Previous studies with MCI participants yielded contradictory results. Specifically, Yao et al. performed cortical network analysis through gray matter volume characteristics obtained from MRI (Yao et al., 2010). The study design included 98 healthy controls, 113 MCI participants and 91 AD patients. The MCI group exhibited intermediate small-world values. Further analysis, revealed that comparison of the MCI network characteristics (cluster coefficient and characteristic path length) either with the healthy or the AD group did not reach statistical significance. Nevertheless, in a more recent study recruiting 94 healthy controls, 183 MCI and 216 AD patients, graph analysis was performed through FDG-PET data. It was found that both MCI and AD patients demonstrated lower cluster coefficient than healthy controls, while the characteristic path length was not affected. The study also reported that MCI participants exhibited the lower cluster coefficient values. (Seo et al., 2013). Aiming to avoid the heterogeneity of the entire MCI spectrum, we tested only patients suffering from the amnestic subtype which is considered to be a pre-stage of AD (Dubois and Albert, 2004; Petersen, 2004). Our results support that there are no differences between aMCI and MD patients in terms of network function (small-world, mean cluster coefficient and characteristic path length). That is, both groups of patients showed the same pattern of network property breakdown as compared to Healthy controls. Since these two groups are diagnostically different, we consider these results in terms of compensatory mechanisms. That is, we propose that compensatory mechanisms are preserved in aMCI, and that loss of these mechanisms may lead to progression to mild dementia. This hypothesis would be in agreement with our finding of additional hub formations in the group of aMCI.

However, absence of statistically significant findings regarding the characteristic path length seems to be in contradiction with the only other (prior) study that has investigated network organization in a group of 37 aMCI patients (Wang et al., 2013). That study employed fMRI recordings combined with frequency-dependent wavelet based correlation analysis and reported abnormally increased path length characteristic in the group of aMCI. This contradiction may be attributed to the much smaller number of participants that our study enrolled in both groups. Another possible explanation may be that Wang et al. extracted frequency-dependent brain networks, while our methodology received the entire EEG range as input and computed the co-operative degree in terms of frequency-based similarity of the probability distribution among electrode pairs.

In addition, we found a statistically significant positive correlations between small-worldness and cognitive status as measured with MMSE and MoCA. That is, the more cognitively deteriorated (lower scores in MMSE and MoCA) the patients are, the less optimal the network organization is (lower small world values). This finding is also in agreement with a previous finding of a positive correlation between characteristic path length values and MMSE scores in a group of AD patients (De Haan et al., 2009). We deem our findings to be important in this sense, as we extended those results to small-world property which better quantifies the global network performance. In addition we included a larger sample with healthy adults, aMCI and MD individuals. Overall, these findings suggest network analysis may be used as a tool for detecting age-related pathological disorders due to neurodegeneration.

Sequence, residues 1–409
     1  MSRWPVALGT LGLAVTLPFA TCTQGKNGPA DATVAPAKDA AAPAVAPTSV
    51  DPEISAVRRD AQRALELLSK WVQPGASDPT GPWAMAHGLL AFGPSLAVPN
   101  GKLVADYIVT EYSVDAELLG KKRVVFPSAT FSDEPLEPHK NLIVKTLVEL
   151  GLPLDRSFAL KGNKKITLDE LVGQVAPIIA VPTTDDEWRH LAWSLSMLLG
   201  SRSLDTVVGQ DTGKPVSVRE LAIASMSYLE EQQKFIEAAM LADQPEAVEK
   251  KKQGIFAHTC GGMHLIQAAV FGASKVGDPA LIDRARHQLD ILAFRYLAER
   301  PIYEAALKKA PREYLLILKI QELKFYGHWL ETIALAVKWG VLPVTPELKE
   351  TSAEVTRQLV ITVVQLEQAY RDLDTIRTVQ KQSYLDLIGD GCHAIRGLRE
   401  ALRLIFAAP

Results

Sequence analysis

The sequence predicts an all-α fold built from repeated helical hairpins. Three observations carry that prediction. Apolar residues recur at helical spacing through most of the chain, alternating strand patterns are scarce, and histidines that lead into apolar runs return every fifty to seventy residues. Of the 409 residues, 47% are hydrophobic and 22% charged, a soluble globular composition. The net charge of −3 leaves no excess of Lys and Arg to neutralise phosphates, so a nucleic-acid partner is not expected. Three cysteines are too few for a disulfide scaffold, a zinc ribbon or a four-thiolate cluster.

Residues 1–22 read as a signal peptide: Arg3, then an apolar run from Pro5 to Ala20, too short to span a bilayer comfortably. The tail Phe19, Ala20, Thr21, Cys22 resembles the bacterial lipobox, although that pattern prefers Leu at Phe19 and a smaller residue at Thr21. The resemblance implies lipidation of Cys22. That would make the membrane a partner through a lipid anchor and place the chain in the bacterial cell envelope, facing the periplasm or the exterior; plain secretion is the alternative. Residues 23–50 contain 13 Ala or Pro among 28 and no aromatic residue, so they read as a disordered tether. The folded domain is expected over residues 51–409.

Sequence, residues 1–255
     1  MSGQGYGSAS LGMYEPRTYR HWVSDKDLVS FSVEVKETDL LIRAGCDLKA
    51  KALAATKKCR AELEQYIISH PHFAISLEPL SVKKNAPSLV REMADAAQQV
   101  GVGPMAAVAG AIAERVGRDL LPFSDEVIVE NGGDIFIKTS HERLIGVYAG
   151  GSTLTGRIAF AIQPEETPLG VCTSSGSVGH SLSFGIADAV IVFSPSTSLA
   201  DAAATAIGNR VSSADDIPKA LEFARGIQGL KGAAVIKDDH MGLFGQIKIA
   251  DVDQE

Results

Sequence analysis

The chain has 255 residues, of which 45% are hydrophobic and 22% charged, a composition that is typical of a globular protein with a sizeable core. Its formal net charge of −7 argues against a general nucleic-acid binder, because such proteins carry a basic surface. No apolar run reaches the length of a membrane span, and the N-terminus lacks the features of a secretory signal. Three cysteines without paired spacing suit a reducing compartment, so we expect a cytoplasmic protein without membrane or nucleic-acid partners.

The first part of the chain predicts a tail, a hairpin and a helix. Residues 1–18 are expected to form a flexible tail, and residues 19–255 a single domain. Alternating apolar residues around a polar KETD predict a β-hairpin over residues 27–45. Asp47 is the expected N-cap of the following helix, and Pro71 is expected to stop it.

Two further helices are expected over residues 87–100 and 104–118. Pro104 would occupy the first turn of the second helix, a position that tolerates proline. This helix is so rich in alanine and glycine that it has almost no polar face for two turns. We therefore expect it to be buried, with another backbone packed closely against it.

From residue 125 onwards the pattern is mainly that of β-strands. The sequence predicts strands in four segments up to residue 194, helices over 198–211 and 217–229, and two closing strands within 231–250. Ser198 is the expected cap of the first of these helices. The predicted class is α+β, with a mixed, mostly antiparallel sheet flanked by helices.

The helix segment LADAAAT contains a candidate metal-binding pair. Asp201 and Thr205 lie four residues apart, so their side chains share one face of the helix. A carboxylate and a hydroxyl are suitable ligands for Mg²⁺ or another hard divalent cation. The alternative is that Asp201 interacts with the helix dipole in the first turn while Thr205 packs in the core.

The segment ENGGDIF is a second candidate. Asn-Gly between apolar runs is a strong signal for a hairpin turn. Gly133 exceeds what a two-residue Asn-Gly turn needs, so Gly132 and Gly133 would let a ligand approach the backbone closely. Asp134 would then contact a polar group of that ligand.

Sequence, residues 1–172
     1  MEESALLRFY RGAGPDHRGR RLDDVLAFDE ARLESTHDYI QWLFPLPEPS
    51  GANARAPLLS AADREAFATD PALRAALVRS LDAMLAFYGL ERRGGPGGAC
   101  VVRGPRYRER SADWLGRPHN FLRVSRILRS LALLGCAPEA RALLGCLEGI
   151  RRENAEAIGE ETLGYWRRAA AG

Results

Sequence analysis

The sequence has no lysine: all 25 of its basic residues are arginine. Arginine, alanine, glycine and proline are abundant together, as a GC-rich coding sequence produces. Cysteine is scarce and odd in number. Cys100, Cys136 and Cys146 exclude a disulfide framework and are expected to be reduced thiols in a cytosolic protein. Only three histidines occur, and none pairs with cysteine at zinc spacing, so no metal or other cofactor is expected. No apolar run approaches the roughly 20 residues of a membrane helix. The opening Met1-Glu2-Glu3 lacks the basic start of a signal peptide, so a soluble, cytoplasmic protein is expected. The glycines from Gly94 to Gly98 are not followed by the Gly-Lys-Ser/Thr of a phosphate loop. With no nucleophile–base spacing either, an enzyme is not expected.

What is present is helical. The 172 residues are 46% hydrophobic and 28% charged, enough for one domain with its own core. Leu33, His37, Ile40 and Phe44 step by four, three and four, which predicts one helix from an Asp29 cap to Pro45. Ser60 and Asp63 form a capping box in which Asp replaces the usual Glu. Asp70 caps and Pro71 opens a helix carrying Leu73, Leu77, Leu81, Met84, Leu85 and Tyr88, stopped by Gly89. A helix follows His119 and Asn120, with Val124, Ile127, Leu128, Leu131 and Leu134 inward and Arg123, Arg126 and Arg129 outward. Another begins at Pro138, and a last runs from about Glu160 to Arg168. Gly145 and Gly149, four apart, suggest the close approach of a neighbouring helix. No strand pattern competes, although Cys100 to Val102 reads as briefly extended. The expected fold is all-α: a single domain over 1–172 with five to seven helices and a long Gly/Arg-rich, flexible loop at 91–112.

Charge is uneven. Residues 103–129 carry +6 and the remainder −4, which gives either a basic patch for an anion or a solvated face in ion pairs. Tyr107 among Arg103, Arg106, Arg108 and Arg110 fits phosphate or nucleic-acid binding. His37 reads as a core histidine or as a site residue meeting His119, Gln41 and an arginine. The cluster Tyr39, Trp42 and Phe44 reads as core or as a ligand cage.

Local network analysis was performed through the identification of those nodes that were important for the network organization. Those nodes were named functional hubs. The hub definition was based on the amount of information flow the nodes transfer. The normalized betweenness centrality was previously proposed to be a robust metric of the hub strength (Seo et al., 2013). The results demonstrated that healthy hubs seem to be preserved to some extent during the aMCI and mild dementia phase. However, they are functionally impaired, as it is demonstrated by statistically significant decreases in terms of betweenness centrality. This finding may be indicative of deficiency due to neurodegeneration and impaired functional connection of distant brain regions. Apart from hub strength reductions, aMCI participants formed additional hubs especially in the left frontal and parietal regions. The hub formation may be attributed to compensatory mechanisms (Cabeza et al., 2002; Hämäläinen et al., 2007; Qi et al., 2010); according to these studies healthy elderly recruit additional frontal and parietal regions during memory processes (Cabeza et al., 2002), while increased frontal activation of MCI patients compared to controls is observed through fMRI recordings even in the resting state condition (Hämäläinen et al., 2007). A more recent study employing aMCI patients and fMRI during resting state reported diminished anterior DMN symmetry due to increased left frontal activation (Qi et al., 2010). The results derived from the proposed local characteristic analysis (strength of healthy hubs and additional hub formation in the pathological groups) are in line with previous findings, thereby implying a reorganization of the brain's architecture during early neurodegeneartion. The additional hubs are mainly evident in the preclinical (aMCI) phase and attenuate during the onset of the clinical AD phase. This temporal pattern seems to enhance the compensatory hypothesis.